Carlo Nordio, Italian Minister of Justice © Alessia Pierdomenico/Shutterstock

Carlo Nordio, Italian Minister of Justice © Alessia Pierdomenico/Shutterstock

To the Justice Minister Carlo Nordio,

The Italian anti-SLAPP working group, member of the Coalition Against SLAPPs in Europe - CASE, is writing to you to share our disappointment with the General Approach adopted by the Council of the European Union, on Friday 9 June 2023, on the European Commission’s proposed directive “on protection persons who engage in public participation from manifestly unfounded or abusive court proceedings (SLAPPs)”.

With this position, the Council takes a step back in the fight against the increasing use of manifestly unfounded and abusive court proceedings by significantly watering down key provisions in the original text. 

In particular, the following major drawbacks fail to deliver an effective and adequate framework for journalists and media outlets:

(1) The removal of the European Commission’s definition of “cross-border” leaves out most SLAPPs from the scope of the directive. Research shows that roughly 90% of the SLAPP cases in Europe are brought in the same jurisdiction as where the target is domiciled.

(2) The very restrictive definition of "manifestly unfounded cases'' significantly weakens the text as a whole, specifically the key early dismissal mechanism, and lowers the protection available to the target. Moreover, the Council position fails to provide the target a guarantee expediency of early dismissal proceedings. 

(3) The deletion of the provision for the compensation of damages for the harm suffered is another attempt to weaken the protection available to SLAPP targets. 

These provisions fall far short of the legislation’s original objective, which is to protect journalists, human rights defenders, and ultimately the right to information in the European Union. It would result in excluding many cases from the legislation’s scope of application by simply making it harder to qualify for protection.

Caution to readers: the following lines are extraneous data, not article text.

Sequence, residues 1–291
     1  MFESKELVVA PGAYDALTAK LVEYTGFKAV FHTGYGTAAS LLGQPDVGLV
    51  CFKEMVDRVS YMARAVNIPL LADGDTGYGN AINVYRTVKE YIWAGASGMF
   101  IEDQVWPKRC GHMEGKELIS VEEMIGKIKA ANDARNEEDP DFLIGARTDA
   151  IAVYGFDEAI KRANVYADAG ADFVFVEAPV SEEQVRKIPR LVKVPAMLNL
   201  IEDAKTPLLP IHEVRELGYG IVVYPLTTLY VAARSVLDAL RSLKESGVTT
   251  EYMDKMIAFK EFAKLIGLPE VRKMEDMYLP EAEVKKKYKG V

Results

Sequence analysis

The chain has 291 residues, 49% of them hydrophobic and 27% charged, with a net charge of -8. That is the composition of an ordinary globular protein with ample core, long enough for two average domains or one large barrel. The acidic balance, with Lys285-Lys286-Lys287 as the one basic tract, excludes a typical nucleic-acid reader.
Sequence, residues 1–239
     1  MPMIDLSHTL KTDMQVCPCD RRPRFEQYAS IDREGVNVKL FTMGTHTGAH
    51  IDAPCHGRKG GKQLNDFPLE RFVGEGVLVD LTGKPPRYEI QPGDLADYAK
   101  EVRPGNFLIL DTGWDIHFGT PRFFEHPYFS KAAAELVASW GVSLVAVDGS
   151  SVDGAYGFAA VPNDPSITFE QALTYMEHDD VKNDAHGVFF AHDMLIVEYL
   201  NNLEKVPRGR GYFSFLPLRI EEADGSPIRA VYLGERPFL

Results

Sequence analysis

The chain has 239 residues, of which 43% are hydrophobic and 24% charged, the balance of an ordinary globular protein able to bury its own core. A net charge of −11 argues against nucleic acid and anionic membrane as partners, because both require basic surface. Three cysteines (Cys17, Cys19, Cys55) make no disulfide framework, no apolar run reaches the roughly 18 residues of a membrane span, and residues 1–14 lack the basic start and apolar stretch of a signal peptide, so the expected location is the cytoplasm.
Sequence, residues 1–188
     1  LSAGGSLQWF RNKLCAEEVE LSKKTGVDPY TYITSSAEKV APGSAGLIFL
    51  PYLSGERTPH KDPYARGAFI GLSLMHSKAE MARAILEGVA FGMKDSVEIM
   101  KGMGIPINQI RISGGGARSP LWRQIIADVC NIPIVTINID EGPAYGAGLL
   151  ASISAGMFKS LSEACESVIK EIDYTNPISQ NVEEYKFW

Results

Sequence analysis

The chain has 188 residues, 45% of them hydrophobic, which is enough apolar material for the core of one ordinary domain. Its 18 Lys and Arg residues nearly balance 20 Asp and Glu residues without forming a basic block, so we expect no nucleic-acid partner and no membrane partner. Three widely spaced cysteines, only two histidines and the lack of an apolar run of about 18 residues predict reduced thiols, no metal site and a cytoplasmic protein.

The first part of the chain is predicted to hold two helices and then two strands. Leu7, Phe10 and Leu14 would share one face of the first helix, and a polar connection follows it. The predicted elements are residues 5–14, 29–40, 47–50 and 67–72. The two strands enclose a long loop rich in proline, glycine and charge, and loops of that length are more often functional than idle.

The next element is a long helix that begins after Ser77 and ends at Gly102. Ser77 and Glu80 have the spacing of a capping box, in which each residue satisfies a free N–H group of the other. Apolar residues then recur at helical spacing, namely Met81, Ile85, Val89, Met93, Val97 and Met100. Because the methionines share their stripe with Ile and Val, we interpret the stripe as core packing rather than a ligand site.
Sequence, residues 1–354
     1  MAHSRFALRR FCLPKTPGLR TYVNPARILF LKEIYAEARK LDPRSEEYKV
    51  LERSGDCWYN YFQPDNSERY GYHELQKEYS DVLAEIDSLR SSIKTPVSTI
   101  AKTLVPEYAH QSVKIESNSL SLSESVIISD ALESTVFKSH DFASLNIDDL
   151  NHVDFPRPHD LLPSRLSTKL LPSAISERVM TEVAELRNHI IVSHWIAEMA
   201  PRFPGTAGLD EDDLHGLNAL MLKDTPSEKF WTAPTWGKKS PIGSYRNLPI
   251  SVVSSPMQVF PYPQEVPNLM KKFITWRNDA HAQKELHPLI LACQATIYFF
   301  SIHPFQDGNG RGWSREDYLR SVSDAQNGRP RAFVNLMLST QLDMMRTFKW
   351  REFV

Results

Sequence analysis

Journalists and media outlets in Europe are under a lot of pressure, and legal harassment is one of the most serious threats they face. It robs them of their time and money, undermining their work and infringing upon the public’s right to information.

We therefore ask you to convert public commitments to concrete action during the trilogue negotiations and make sure that the future legislation provides a meaningful framework for the exercise of journalism. Only a more ambitious text following the recommendations of prominent European legal experts will make a difference; otherwise it will be a missed opportunity. 

We call on your Ministry to work towards legislation that will effectively protect journalists, human right defenders and other public participants from SLAPPs.

Yours sincerely,


Italian anti-SLAPP working group:

Amnesty International Italia

Articolo 21

OBC Transeuropa

The Good Lobby Italia

Tags: Italy SLAPP Defamation and Libel

This content is part of the Media Freedom Rapid Response  (MFRR), a Europe-wide mechanism which tracks, monitors and responds to violations of press and media freedom in EU Member States and Candidate Countries. The project is co-funded by the European Commission.